Let us try some more examples to understand the working of this function to enable us to utilize the full format of the function by modifying its input parameters for the different representations of the date and the time. In this example, we will implement this function in such a way that it will find the date units from the function itself. So, for example, if we follow the format “yyyy-mm-dd” and pass the year, month, and date to the function “pn.datetime64 ()” and want the function to only return the year from the date, this can be done by introducing another date unit in the parameter of the function.

So, if we want to know the year from the date, we would pass the additional parameter “Y” to the datetime64 () method as “pn.datetime64 (‘2023-12-24’, ‘Y’)” then the function will return only the year in the output from the parameter date that we had specified to it. Following the same procedure, if we replace the “Y” with the “M”, the function will return the month in the output. The results from this function call are mentioned in the following figure:

#importing numpy module
import numpy as pn
# declaring the year from the date representation using datetime64
date = pn.datetime64('2023-12-24','Y')
#displaying the output
print (date)

Example 3

Previous examples have discussed displaying the date, year, and month using the datetime64 function, so this example will show how we can say the timestamp and, from the time stamp, the information of hours, minutes, and even the seconds using the function datetime64. To do so, we will import the NumPy as “np”, and then using np, we will call the method “np.datetime64 (‘dateTtime’)” to display the timestamp with the date in the output. This function takes the date and time with the “T” placed between them as its parameter.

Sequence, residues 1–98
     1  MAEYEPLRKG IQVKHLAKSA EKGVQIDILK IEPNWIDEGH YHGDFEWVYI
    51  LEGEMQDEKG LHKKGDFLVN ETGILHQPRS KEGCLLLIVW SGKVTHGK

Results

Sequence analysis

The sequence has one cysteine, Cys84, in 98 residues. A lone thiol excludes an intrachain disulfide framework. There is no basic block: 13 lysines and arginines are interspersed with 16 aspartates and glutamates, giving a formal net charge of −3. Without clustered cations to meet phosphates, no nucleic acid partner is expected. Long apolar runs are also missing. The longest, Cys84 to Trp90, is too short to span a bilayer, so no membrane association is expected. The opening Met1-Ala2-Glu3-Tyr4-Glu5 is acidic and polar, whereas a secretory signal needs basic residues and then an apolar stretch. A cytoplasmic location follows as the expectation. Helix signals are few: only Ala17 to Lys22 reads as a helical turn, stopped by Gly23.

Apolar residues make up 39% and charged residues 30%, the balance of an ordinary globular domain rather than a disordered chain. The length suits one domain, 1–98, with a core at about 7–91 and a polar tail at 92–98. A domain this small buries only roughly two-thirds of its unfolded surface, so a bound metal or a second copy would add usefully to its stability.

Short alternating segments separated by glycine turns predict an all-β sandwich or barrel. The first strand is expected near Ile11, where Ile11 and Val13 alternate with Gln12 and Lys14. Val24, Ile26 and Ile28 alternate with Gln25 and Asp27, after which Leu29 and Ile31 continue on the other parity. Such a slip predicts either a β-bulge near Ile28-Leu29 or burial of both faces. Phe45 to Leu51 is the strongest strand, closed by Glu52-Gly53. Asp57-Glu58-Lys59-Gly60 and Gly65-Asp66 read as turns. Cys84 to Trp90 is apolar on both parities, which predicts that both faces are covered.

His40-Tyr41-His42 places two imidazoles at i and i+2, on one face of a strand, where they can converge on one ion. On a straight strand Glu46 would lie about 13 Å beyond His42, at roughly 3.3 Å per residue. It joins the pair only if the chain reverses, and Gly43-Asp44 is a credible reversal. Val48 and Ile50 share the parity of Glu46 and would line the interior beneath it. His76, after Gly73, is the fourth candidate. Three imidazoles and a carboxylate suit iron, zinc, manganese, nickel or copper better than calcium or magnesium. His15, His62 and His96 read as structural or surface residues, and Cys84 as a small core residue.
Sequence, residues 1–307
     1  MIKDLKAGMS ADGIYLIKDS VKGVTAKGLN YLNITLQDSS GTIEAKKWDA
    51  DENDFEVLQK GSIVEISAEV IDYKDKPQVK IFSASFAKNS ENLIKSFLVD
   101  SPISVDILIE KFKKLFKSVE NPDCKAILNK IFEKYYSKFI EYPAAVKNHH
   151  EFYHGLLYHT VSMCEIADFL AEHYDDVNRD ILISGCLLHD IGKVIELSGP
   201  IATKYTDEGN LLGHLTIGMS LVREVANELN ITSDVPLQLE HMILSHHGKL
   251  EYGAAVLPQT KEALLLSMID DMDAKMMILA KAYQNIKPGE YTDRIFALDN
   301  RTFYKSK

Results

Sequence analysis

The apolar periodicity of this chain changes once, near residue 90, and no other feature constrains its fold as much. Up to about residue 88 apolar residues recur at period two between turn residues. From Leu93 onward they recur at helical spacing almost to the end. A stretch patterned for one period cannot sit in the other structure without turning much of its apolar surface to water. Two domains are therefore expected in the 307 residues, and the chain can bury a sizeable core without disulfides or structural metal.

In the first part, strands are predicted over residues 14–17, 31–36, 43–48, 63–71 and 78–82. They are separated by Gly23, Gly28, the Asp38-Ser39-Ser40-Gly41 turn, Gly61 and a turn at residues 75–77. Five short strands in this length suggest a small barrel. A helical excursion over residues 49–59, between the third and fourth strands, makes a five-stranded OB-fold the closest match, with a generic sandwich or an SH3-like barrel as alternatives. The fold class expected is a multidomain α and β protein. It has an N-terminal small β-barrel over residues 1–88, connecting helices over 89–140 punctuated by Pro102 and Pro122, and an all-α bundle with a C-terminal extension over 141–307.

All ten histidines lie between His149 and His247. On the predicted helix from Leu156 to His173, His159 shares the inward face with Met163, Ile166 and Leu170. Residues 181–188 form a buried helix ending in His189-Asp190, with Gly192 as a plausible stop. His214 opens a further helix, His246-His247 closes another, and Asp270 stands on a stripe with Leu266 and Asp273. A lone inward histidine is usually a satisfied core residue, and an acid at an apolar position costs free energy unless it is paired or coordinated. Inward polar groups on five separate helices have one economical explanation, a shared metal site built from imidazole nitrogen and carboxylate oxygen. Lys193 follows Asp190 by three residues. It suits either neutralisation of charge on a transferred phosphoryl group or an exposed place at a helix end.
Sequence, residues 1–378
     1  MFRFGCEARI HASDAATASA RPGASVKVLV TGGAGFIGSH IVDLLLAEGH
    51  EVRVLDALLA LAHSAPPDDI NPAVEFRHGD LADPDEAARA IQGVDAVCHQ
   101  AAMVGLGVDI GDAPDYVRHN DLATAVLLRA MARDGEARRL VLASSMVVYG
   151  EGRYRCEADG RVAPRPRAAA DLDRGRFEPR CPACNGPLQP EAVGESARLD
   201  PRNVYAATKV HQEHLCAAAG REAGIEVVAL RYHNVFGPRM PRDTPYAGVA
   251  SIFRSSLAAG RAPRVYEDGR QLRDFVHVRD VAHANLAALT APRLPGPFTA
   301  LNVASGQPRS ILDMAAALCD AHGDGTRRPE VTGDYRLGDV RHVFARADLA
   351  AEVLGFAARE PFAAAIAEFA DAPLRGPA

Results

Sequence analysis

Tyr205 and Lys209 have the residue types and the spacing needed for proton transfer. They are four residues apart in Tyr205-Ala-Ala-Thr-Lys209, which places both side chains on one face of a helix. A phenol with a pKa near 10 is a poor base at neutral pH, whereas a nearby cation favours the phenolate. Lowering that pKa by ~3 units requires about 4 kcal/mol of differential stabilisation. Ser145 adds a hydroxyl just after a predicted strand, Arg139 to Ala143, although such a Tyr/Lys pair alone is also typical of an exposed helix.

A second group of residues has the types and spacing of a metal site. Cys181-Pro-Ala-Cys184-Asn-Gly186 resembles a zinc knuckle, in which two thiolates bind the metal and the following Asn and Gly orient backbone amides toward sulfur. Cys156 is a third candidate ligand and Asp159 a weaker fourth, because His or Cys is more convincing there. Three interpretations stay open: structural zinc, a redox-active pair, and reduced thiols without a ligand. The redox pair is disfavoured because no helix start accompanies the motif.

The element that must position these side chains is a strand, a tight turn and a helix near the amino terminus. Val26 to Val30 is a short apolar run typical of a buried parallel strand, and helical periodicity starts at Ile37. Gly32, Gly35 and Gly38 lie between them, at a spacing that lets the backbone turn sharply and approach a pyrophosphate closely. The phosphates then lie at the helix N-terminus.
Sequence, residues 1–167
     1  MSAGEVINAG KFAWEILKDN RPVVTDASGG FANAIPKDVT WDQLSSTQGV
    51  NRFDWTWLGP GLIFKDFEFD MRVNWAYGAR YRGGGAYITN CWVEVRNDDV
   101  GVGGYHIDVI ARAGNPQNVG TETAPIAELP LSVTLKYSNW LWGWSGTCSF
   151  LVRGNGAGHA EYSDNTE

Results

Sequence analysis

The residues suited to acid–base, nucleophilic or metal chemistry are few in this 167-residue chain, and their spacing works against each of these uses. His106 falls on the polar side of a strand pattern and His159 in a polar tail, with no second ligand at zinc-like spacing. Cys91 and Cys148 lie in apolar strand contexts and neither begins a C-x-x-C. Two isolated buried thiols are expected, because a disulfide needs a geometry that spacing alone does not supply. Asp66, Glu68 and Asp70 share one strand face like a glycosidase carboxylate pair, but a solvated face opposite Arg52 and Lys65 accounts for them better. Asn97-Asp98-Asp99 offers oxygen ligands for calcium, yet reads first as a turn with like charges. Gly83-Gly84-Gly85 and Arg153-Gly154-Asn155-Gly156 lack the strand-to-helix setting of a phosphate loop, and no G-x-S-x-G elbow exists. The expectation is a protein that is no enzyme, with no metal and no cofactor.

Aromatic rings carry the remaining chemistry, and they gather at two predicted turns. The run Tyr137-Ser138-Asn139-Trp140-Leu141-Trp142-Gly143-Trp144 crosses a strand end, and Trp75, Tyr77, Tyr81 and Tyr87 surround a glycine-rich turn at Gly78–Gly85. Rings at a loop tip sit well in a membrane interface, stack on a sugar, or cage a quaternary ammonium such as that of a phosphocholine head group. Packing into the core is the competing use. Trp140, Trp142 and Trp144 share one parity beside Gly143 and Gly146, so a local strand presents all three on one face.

If we display the results from this function, call the output would have both the date and time. If we want to display the date, timestamp, and the information of, let’s say a minute or a second, then we call the datetime64 method “np.datetime64 (‘2020-12-09T12:04:06’, ‘m’)”. Here, the “m” represents the time unit for the minute. We can use the “s” instead of ‘m’, and the s will then represent the time unit of the second. We will save this function in a variable and print the results by calling the print () function. The code for this example is given in the following snippet:

#importing numpy module
import numpy as pn
# declaring the minute from the date and time representation using datetime64
date = pn.datetime64('2020-12-09T12:04:06', ‘m’)
#displaying the output
print (date)

The function has returned as its output the date, timestamp, and time information in the form of minutes.

Conclusion

The article is based on the topic “np. datetime64 ()” method. The article has depicted the method to implement the different ways to represent the date and time using the datetime64 () with the help of the three various examples, each dealing with the modified parameter of the function datetime64() so that the users could get clarity on this function and its parameters without ambiguities.

About the author

Omar Farooq

Hello Readers, I am Omar and I have been writing technical articles from last decade. You can check out my writing pieces.